#include <stdio.h> int main() { int a, b; a = 10; b = 20; /* Here we check whether a is equal to 10 or not */ if( a == 10 ) { /* if a is equal to 10 then this body will be executed */ printf( "a is equal to 10\n"); } /* Here we check whether b is equal to 10 or not */ if( b == 10 ) { /* if b is equal to 10 then this body will be executed */ printf( "b is equal to 10\n"); } /* Here we check if a is less b than or not */ if( a < b ) { /* if a is less than b then this body will be executed */ printf( "a is less than b\n"); } /* Here we check whether a and b are not equal */ if( a != b ) { /* if a is not equal to b then this body will be executed */ printf( "a is not equal to b\n"); } }

When the above program is executed, it produces the following result −

a is equal to 10 a is less than b a is not equal to b

## Logical Operators

Logical operators are very important in any programming language and they help us take decisions based on certain conditions. Suppose we want to combine the result of two conditions, then logical AND and OR logical operators help us in producing the final result.

The following table shows all the logical operators supported by the C language. Assume variable **A** holds 1 and variable **B** holds 0, then −

Operator | Description | Example |
---|---|---|

&& | Called Logical AND operator. If both the operands are non-zero, then condition becomes true. | (A && B) is false. |

|| | Called Logical OR Operator. If any of the two operands is non-zero, then condition becomes true. | (A || B) is true. |

! | Called Logical NOT Operator. Use to reverses the logical state of its operand. If a condition is true then Logical NOT operator will make false. | !(A && B) is true. |

Try the following example to understand all the logical operators available in C programming language −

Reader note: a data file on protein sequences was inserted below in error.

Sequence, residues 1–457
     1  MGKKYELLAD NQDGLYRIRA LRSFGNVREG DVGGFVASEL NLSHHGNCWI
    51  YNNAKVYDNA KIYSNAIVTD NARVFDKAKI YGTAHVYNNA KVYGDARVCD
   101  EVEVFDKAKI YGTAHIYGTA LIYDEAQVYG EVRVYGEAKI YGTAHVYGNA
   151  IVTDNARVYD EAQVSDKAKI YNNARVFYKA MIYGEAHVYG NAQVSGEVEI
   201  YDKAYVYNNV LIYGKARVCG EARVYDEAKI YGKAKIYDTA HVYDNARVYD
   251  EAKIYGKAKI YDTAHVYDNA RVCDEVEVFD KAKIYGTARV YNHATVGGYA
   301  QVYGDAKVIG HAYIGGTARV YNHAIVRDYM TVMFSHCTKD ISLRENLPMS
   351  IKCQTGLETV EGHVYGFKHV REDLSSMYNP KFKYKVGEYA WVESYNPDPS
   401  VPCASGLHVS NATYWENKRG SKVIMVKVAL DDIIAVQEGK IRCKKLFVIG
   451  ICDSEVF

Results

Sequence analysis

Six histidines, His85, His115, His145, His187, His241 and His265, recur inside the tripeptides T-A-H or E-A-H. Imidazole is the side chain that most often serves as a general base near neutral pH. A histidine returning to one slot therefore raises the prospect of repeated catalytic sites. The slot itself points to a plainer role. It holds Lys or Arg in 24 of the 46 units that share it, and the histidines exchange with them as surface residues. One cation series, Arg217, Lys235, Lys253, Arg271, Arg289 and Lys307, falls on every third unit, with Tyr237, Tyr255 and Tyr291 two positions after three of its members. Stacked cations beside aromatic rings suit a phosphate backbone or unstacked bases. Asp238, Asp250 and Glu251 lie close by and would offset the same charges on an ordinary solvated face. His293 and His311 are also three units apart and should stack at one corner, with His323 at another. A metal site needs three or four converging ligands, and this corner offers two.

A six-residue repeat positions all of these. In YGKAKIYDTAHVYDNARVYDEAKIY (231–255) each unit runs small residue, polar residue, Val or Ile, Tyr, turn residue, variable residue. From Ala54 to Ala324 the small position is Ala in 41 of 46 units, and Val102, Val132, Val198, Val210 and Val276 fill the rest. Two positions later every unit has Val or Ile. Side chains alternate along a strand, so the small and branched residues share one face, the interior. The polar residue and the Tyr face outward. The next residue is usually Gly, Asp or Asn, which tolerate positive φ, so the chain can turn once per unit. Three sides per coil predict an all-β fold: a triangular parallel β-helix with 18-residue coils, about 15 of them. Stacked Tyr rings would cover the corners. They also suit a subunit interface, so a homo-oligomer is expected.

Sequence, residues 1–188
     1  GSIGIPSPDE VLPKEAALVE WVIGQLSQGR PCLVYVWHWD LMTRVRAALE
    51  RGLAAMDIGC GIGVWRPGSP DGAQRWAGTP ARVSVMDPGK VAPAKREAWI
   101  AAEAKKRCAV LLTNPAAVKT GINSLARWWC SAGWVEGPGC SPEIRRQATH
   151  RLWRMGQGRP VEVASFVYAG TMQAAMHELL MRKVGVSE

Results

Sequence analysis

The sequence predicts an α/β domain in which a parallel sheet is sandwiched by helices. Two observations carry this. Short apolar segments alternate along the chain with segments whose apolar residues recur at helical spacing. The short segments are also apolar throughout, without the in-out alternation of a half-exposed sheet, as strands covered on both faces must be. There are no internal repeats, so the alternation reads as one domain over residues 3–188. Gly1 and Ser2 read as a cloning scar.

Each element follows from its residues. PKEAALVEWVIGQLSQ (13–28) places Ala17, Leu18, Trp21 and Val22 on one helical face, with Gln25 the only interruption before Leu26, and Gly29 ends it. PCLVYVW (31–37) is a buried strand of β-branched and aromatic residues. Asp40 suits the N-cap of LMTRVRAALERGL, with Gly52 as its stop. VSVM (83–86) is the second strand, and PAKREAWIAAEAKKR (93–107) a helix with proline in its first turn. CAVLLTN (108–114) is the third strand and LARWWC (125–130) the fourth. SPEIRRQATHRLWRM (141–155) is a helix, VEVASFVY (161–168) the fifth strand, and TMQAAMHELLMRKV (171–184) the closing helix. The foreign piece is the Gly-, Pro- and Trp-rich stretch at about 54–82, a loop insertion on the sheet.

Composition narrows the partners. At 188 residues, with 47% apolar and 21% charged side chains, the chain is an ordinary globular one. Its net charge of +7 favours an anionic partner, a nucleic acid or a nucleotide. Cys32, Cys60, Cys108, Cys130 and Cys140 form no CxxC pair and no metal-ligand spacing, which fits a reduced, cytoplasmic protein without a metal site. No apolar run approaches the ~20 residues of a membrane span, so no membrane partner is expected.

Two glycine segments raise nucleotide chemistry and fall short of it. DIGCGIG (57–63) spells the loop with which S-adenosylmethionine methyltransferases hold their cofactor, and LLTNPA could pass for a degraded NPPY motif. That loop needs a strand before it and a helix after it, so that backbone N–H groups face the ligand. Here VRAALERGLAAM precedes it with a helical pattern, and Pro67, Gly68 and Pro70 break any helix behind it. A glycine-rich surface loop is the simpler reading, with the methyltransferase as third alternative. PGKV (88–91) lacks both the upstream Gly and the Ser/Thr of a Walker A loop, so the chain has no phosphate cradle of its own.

#include <stdio.h> int main() { int a = 1; int b = 0; if ( a && b ) { printf("This will never print because condition is false\n" ); } if ( a || b ) { printf("This will be printed print because condition is true\n" ); } if ( !(a && b) ) { printf("This will be printed print because condition is true\n" ); } }

When you compile and execute the above program, it produces the following result −

This will be printed print because condition is true This will be printed print because condition is true

## Operators in Java

Following is the equivalent program written in Java. C programming and Java provide almost identical set of operators and conditional statements. This program will create two variables **a** and **b**, very similar to C programming, then we assign 10 and 20 in these variables and finally, we will use different arithmetic and relational operators −

You can try to execute the following program to see the output, which must be identical to the result generated by the above example.

public class DemoJava { public static void main(String []args) { int a, b, c; a = 10; b = 20; c = a + b; System.out.println("Value of c = " + c ); c = a - b; System.out.println("Value of c = " + c ); c = a * b; System.out.println("Value of c = " + c ); c = b / a; System.out.println("Value of c = " + c ); c = b % a; System.out.println("Value of c = " + c ); if( a == 10 ) { System.out.println("a is equal to 10" ); } } }

When the above program is executed, it produces the following result −

Value of c = 30 Value of c = -10 Value of c = 200 Value of c = 2 Value of c = 0 a is equal to 10

## Operators in Python

Following is the equivalent program written in Python. This program will create two variables **a** and **b** and at the same time, assign 10 and 20 in those variables. Fortunately, C programming and Python programming languages provide almost identical set of operators. This program will create two variables **a** and **b**, very similar to C programming, then we assign 10 and 20 in these variables and finally, we will use different arithmetic and relational operators.

You can try to execute the following program to see the output, which must be identical to the result generated by the above example.

a = 10 b = 20 c = a + b print "Value of c = ", c c = a - b print "Value of c = ", c c = a * b print "Value of c = ", c c = a / b print "Value of c = ", c c = a % b print "Value of c = ", c if( a == 10 ): print "a is equal to 10"

When the above program is executed, it produces the following result −

Value of c = 30 Value of c = -10 Value of c = 200 Value of c = 0 Value of c = 10 a is equal to 10